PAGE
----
This topic contains 6 replies, has 3 voices, and was last updated by  Brittany Foster 8 months, 2 weeks ago.

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  • #15168
     Kathleen Sheffer 
    Participant

    How many of our forums members have siblings?

    Chronic illness affects all family relationships, including sibling relationships. In my opinion it can have a greater impact on such relationships than it does on parent-child relationships or partnerships. Whether it’s parents caring for their child, children caring for their ill parent, or one partner caring for their significant other, established caregiving models exist. For siblings, the caregiving role comes less naturally.

    With a younger sister who has grown up with me being chronically ill, it’s been especially challenging to find a balance between having a “normal” sibling dynamic, and addressing the reality of our family life. Earlier this year I described in a column post some of our experiences navigating our sisterhood the past 19 years since my diagnosis. As the older sister I expect to be more of a caregiver to my younger sister, but that can’t always be the case. Often I have relied on my sister for my basic needs.

    My sister loves me and cares for me even in times of paralyzing anxiety or steroid mania. It’s not easy, and comes at a cost to both of us. We have spent many hours in tears talking through such traumas. These challenges have made our bond stronger, but I wish we didn’t have to work through them.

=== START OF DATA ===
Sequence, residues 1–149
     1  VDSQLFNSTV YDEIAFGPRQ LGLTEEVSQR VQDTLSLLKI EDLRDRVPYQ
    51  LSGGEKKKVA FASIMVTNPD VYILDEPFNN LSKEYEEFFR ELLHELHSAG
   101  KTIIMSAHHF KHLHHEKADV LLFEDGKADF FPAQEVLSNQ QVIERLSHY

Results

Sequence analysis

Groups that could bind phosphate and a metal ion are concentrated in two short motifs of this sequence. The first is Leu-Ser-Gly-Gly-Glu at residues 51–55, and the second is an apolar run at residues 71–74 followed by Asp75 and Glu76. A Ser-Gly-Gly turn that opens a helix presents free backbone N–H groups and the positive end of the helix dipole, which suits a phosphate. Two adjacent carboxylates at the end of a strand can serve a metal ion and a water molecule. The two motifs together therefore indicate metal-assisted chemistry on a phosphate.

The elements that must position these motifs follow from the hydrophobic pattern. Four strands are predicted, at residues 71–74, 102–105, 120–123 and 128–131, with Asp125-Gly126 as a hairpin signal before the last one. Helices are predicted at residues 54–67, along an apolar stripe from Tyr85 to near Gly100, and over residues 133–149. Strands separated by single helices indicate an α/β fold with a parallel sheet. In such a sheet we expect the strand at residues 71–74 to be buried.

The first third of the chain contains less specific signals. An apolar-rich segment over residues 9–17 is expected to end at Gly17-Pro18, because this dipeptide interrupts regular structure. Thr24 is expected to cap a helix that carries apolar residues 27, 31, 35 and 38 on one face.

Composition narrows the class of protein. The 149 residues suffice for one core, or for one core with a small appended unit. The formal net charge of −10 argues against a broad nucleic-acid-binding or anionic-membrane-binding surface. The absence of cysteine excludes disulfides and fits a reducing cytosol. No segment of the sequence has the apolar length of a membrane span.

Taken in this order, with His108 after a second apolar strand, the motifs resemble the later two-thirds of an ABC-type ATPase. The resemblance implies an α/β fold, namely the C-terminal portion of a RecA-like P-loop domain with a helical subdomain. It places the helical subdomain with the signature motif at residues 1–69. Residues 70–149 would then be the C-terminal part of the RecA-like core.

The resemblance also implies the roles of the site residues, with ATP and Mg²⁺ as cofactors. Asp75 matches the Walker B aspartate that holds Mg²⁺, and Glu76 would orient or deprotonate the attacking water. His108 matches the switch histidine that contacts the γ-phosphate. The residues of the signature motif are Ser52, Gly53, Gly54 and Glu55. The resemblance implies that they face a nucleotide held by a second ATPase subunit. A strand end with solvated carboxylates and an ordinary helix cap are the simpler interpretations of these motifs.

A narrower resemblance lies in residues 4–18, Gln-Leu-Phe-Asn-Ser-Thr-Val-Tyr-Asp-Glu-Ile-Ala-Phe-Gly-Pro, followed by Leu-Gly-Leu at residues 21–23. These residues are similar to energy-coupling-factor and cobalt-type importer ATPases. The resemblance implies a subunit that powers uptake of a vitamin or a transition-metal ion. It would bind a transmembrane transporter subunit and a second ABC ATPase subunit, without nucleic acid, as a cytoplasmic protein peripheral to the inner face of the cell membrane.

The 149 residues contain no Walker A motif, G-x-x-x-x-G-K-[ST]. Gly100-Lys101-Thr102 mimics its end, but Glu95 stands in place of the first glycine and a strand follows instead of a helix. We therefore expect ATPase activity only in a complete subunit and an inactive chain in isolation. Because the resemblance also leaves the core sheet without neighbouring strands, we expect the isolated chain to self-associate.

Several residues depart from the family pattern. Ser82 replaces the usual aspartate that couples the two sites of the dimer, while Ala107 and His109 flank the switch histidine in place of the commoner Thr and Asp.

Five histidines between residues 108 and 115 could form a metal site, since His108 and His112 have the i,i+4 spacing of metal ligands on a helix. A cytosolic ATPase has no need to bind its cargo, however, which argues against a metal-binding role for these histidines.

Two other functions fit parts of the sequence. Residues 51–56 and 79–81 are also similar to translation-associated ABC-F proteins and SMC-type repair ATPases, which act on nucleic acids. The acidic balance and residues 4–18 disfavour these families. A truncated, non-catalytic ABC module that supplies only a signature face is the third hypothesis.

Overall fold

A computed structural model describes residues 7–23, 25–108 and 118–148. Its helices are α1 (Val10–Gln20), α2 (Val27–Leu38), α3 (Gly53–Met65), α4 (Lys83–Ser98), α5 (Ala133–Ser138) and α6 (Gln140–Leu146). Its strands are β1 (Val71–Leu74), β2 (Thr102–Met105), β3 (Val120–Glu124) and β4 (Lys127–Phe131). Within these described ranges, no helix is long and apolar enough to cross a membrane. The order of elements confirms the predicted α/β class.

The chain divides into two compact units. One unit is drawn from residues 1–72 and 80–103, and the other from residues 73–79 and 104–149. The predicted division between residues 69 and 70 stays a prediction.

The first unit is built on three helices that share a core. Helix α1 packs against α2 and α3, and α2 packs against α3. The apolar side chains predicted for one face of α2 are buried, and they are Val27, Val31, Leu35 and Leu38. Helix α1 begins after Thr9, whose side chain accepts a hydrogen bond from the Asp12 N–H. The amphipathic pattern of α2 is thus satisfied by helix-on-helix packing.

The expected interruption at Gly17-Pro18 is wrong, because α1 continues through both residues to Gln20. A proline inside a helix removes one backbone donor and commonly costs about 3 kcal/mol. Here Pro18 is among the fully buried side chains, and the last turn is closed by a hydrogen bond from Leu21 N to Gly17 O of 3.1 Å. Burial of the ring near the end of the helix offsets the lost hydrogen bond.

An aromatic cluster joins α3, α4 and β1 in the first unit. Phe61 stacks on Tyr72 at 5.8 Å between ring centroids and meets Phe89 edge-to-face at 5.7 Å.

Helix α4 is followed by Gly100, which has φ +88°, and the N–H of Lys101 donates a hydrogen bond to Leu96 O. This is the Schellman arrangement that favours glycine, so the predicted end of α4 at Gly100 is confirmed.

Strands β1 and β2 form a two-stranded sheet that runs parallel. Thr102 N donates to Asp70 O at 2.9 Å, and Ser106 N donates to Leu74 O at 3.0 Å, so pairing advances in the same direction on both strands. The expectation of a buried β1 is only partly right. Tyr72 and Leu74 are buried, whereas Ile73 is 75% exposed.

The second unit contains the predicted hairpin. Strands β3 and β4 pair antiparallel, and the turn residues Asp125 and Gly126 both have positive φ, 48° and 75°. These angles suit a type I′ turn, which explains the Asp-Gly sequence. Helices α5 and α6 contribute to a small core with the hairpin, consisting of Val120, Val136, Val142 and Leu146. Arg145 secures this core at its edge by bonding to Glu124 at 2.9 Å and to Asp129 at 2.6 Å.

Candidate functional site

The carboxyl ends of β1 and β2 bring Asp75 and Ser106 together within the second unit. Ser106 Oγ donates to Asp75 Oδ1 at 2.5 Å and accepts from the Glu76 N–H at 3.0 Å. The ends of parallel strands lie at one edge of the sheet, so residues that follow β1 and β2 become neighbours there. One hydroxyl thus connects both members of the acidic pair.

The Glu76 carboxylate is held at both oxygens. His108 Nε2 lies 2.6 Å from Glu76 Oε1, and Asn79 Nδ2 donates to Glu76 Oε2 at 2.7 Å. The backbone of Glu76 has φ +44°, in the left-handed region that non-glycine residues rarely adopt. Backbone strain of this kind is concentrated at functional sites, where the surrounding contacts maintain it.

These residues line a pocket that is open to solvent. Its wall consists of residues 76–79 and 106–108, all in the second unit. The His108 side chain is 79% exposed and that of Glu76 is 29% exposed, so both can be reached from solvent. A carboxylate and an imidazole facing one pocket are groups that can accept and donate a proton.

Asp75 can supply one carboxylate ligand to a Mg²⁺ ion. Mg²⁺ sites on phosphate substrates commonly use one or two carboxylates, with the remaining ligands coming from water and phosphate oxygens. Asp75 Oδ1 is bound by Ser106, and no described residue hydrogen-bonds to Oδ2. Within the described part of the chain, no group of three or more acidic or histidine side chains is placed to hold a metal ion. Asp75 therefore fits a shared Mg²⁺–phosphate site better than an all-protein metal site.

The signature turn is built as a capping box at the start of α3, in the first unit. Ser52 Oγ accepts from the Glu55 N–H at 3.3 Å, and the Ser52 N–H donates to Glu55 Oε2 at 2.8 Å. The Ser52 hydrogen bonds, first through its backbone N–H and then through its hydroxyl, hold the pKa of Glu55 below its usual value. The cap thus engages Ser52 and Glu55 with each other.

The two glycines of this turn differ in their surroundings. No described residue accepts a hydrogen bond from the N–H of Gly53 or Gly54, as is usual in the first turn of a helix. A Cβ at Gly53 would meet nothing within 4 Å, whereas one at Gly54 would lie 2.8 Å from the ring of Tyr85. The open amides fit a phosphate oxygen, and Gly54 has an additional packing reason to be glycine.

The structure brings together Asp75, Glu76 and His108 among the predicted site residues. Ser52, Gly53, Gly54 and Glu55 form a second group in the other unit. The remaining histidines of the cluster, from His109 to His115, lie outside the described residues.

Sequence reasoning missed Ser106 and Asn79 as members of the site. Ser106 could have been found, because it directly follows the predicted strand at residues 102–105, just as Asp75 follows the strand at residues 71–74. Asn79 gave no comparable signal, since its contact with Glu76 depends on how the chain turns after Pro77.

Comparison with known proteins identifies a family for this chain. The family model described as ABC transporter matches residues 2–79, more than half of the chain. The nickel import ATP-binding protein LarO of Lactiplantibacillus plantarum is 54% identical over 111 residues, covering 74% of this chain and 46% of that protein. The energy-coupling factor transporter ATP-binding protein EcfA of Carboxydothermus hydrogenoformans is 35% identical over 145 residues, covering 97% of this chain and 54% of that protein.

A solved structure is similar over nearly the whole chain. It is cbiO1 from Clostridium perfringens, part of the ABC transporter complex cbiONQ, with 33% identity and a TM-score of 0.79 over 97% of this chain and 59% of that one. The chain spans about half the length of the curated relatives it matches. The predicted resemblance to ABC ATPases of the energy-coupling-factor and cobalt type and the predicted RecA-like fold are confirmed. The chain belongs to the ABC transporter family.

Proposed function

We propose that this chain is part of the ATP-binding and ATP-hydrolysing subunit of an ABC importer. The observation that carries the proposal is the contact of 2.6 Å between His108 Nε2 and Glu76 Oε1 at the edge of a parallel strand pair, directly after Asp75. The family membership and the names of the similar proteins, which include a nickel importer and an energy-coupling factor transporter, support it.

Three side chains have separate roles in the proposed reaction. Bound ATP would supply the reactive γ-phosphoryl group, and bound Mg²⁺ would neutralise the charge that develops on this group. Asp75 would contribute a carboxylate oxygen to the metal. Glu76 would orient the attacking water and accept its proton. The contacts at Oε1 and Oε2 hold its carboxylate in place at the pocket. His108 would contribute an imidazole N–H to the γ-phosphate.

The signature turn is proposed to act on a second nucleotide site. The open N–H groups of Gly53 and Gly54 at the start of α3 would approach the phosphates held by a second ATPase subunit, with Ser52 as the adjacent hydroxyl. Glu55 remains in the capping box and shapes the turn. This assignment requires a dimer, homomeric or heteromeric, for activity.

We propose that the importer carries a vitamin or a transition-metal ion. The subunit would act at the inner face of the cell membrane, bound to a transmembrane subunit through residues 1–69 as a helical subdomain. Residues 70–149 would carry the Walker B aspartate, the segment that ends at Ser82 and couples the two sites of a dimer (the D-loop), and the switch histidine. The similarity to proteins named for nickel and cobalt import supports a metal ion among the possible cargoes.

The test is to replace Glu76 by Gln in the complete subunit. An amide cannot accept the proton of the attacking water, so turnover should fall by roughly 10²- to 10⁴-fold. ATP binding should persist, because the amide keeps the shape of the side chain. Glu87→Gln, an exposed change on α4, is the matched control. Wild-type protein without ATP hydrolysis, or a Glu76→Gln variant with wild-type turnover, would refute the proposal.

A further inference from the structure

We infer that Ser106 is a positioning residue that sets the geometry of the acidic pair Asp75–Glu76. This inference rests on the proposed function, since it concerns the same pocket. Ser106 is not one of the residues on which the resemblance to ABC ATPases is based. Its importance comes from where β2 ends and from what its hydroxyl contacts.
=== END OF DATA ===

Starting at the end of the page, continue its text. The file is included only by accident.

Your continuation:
How has your relationship with your sibling(s) been affected by PH? What is your age difference and birth order? How do you talk to your sibling(s) about PH? How much do they know about it?

    Feel free to join our discussion even if you are an only child. Perhaps there is a friend in your life who is like a sibling to you. Maybe you have challenges with other caregivers in your life. I’d love to read about them so we can learn and grow together.

    My Sister: Fierce Competitor and Battle Buddy

     

  • #15187
     Brittany Foster 
    Keymaster

    Kathleen ,
    This is an awesome topic. I am the oldest of 3 girls and have 2 younger sisters. One is currently 22 and the other is 26 (we are only 17 months apart). Since I had congenital heart disease when I was younger, they grew up with the “Britt’s in the hospital” being part of our “normal” life. When I got older though and they started realizing what was going on, having them worried about me really started to bother me. There were times in the beginning of my diagnosis and before my bypass surgery that I was passing out a lot and they would have to call 9-1-1. I remember them being so sad and upset and this really stuck with me. Their fear was something that I couldn’t control and I felt bad because I felt like I was causing it for them (it almost made me feel guilty that they were upset). Sometimes they try to make things seem like not a big deal and I think this is their way of coping. My sisters are better at understanding the fact that sometimes I have to cancel plans last minute or that I have to leave somewhere earlier when we all go out. Something that has been difficult is working through the “attention” I get from my mom when she has to go with me and stay at the hospitals or when a lot of her time is taken up by driving me back and forth to appointments. Sometimes, even at their age, they seem to struggle with the fact that my mom isn’t there to do things like go to the grocery store or go shopping with them when I’m in the hospital. My thoughts are jumbled probably explaining this lol but I’m sure you know what I mean. It really helped when they started going to appointments with me and heard firsthand about my conditions vs just hearing it from me and my mom. My sisters mean the world to me 🙂